### ELECINF344/381

Partie interactive du site pédagogique ELECINF344/ELECINF381 de Télécom ParisTech (occurrence 2011).

### Commentaires récents

After having spent hours focusing on our PID into the Télécom ParisTech’s dancing room, we joined Télécom Robotic’s room in order to work on our implementation of Lucas and Kanade algorithm, because of a giant chessboard in green and red, perfect for image processing. We fixed Copterix in the air using some strings, and started test, with or without threshold, and it wasn’t really efficient…
We thought a moment about using ‘unfisheye’ opencv’s algorithm (see joined photo to understand why we wanted to use it), but it took 0.6 seconds per frame on our Gumstix…

What our camera actually sees: we can observe a 'fisheye' effect

Then we stopped and decided we should decide exactly how, even if it worked, Lucas and Kanade would help us to correct Copterix’s drift.
As we have 10 frames per second when processing the algorithm, it will be really difficult to determine in real time if we actually corrected the drift whenever we would want to correct it, and that is why we imagined the following algorithm:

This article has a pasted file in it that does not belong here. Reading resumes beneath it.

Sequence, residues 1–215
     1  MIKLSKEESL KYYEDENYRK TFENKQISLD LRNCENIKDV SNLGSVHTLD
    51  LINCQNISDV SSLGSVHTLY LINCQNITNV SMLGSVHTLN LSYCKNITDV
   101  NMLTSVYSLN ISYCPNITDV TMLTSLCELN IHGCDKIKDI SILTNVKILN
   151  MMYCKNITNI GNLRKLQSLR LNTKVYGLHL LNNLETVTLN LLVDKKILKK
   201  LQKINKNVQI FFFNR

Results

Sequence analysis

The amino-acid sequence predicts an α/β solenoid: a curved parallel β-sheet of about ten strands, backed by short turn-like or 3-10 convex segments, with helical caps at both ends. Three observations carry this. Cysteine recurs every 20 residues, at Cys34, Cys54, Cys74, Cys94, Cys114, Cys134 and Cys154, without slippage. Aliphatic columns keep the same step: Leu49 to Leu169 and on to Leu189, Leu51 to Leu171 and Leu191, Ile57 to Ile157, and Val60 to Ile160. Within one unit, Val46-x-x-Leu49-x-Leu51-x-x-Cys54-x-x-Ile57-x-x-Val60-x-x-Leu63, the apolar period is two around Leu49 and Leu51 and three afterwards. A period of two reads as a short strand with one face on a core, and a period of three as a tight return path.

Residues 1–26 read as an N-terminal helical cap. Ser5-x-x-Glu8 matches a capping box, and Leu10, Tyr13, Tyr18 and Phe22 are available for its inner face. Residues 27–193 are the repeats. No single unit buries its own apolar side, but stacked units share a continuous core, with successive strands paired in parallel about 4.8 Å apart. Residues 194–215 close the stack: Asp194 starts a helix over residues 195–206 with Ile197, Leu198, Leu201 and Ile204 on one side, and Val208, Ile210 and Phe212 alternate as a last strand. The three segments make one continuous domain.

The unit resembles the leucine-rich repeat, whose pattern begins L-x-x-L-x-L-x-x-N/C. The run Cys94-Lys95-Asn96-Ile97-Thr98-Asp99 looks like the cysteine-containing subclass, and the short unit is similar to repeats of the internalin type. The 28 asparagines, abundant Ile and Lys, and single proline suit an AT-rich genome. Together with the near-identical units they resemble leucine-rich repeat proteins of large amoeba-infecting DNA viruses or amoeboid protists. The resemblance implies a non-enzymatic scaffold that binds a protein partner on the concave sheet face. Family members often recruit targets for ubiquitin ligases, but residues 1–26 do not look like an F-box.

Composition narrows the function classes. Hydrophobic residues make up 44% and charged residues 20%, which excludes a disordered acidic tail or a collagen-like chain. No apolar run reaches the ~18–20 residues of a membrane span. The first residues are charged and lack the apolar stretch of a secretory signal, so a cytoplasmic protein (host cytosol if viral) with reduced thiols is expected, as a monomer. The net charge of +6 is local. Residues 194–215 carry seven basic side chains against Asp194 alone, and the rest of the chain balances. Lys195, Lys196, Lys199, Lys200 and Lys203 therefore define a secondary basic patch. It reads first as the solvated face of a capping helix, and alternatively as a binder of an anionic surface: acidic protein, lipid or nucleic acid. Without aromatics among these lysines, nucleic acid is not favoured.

1. wait for Copterix to be horizontal (pitch and yaw < epsilon)
2. take a reference picture and search the good features to track on it (quite heavy operation)
3. while Copterix is horizontal (pitch and yaw < epsilon)
4. ____take a picture, compare it with reference
5. ____if not horizontal (pitch and yaw >= epsilon)
6. ______wait for Copterix to be horizontal (pitch and yaw < epsilon)
7. ______go to 3.
8. ____if drift is big enough (move size > threshold)
9. ______go to 12.
10. ____if we don’t find enough features to track
11. ______go to 1.
12. ask PID to incline Copterix toward the good direction (we have to decide an angle)
13. wait a chosen time (we have to be over-precise on this data)
14. ask PID to set Copterix horizontal
15. go to 1.

The real difficulty of this algorithm is that it infers we do own a powerful and precise PID, able to remain horizontal most of the time, and to follow an order in the better and faster possible way, which is of course not true.

That is why we are now considering the fact that we may not have time to have a excellent PID AND implement such a precise algorithm; we will talk about it tomorrow with our teachers.

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